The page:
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Why You Should Listen to Classical Music

Photo by Steve Snodgrass

Did you know that September is Classical Music Month? Me either! And while I’m sure there are plenty of reasons to listen to classical music (Mozart effect, anyone?) our favorite broet, Brian McGackin, has the one and only reason you should bother.

John Williams.

So in honor of Classical Music Month, we’ve got Brian’s poem, Why You Should Listen to Classical Music, excerpted below. Enjoy!

Posted by Eric Smith

National Broetry Month: For Mama Celeste

It’s time for our third and final featured poem from Broetry in honor of National Broetry (Poetry) Month.

So far, we’ve covered creation and intellectual sustenance. Now, it’s time for more practical concerns. Being a poet and college graduate in the 21st century, Brian McGackin has, understandably, written several poems about his abject poverty.

This week’s poem includes financial stress, hunger, and a coming-of-age story. All in a poem short enough to memorize and impress your friends… over pizza.

Posted by Courtney Daniels

National Broetry Month: Now I Assume That Everyone Named Harry Is a Wizard

It’s time for another poem from Brian McGackin’s Broetry!

Last week, we tackled the beginnings of the universe. This week, it made sense to feature something almost as important: Harry Potter.

This poem tackles the male desire for sex, the female desire to share emotional intimacy, the universal human need for companionship, and the prospect of dressing up as witches and wizards to attend midnight book release parties. Also, I can personally attest to the fact that this poem is true to life: I did the exact same thing to my boyfriend.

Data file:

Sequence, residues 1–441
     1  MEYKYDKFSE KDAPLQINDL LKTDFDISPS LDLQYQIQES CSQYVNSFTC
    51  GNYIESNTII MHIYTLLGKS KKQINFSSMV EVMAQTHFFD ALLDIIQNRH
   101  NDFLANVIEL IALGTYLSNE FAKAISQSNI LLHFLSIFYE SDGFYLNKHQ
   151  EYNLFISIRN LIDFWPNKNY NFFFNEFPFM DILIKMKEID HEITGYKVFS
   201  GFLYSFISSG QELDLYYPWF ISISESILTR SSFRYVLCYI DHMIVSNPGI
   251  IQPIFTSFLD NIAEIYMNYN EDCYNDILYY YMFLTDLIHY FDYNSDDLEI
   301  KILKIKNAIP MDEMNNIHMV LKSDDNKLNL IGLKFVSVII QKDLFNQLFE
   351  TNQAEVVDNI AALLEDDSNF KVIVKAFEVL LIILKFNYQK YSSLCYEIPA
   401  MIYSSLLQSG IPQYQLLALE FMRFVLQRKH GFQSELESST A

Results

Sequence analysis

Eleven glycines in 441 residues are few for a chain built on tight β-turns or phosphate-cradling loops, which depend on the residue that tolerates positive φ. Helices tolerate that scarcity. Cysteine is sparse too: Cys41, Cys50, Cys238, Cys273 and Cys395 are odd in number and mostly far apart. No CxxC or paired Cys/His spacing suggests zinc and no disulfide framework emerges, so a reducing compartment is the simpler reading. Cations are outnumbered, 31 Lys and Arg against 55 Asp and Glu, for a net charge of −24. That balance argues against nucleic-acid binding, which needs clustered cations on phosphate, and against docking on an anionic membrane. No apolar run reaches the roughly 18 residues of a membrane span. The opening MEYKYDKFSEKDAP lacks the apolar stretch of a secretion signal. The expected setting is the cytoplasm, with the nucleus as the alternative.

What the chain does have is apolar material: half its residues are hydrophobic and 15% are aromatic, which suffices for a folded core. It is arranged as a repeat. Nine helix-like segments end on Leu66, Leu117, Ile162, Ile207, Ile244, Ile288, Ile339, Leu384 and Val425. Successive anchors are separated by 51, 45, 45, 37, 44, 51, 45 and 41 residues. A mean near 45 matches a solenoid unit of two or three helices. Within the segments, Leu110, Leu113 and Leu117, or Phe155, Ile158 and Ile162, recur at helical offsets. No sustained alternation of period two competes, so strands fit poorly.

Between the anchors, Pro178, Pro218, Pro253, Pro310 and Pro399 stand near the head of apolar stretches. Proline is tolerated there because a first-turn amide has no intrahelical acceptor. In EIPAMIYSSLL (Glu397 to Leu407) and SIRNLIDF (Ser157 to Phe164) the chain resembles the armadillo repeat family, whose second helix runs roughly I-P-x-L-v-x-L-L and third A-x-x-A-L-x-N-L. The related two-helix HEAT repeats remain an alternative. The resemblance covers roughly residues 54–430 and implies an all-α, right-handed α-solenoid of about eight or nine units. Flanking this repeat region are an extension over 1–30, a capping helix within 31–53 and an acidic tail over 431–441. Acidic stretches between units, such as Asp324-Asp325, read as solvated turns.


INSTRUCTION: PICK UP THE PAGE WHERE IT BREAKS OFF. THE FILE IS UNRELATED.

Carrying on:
Posted by Courtney Daniels

National Broetry Month: The Guttenberg Bible

April is National Poetry Month, and some of you are probably already celebrating by quoting Emily Dickenson or John Keats. No? Just me then.

For everyone who thinks poetry has to be about high-minded intellectual pursuits or daffodils in spring, we are going to feature a more relaxed form of prose. For the next three weeks, we’re going to share a poem from Broetry by Brian McGackin, who tackles important, real-world topics like beer, frozen pizza, and Bruce Willis.

It was difficult to select just a few poems to share, but it seemed logical to start with one that featured the formation of the universe. This poem contains all those very important poetry themes: the indifference of God, the history of the printed word, and the Police Academy sequels. Enjoy, and happy National Broetry Month.

Posted by Courtney Daniels

Hello, My Name Is: A Broem from Stacey Graham

Edgar Allan Bro by Joseph Toschlog

Back in July we announced a Broetry contest, asking broets and broettes in training to submit their own broems to our esteemed Broet Laurette, Brian McGackin.

Stacey Graham (soon to be a Quirk author with her upcoming Zombie Tarot) sent in a piece entitled Hello, My Name Is. “Dedicated to all the boys [she] dated with their hats turned backwards and unfortunate tribal arm tattoos,” this was Brian’s favorite of the bunch. So here it is.

Hello, My Name Is:

To the girl I puked upon
Your shoes were really nice

Your hair it smelled like lavender
Though you had to wash it twice

I think you are the one for me, a candle to my flame
But the morning rears its head and I can’t recall your name

Well done Stacey.

Posted by Eric Smith

Halloween Puts Broetry in Motion @ the Nightmares Fear Factory

We all know that bros can be downright poetic, but are these seemingly unflappable dudes afraid of anything? As it turns out, they are, especially during trick or treat time.

Thus in what surely will go down as the finest meme of the 2011 Halloween season, the Niagara Falls haunted house Nightmares Fear Factory has been posting pictures of dudebros who have been scared silly by the attraction. For today’s moment of Zen, check out this photo gallery.

These hilarious fear pics prove that behind their carefully crafted masculine exteriors, bros get terrified by zombies and ghosts too.

See? They’re just like us!

Posted by Chris Cummins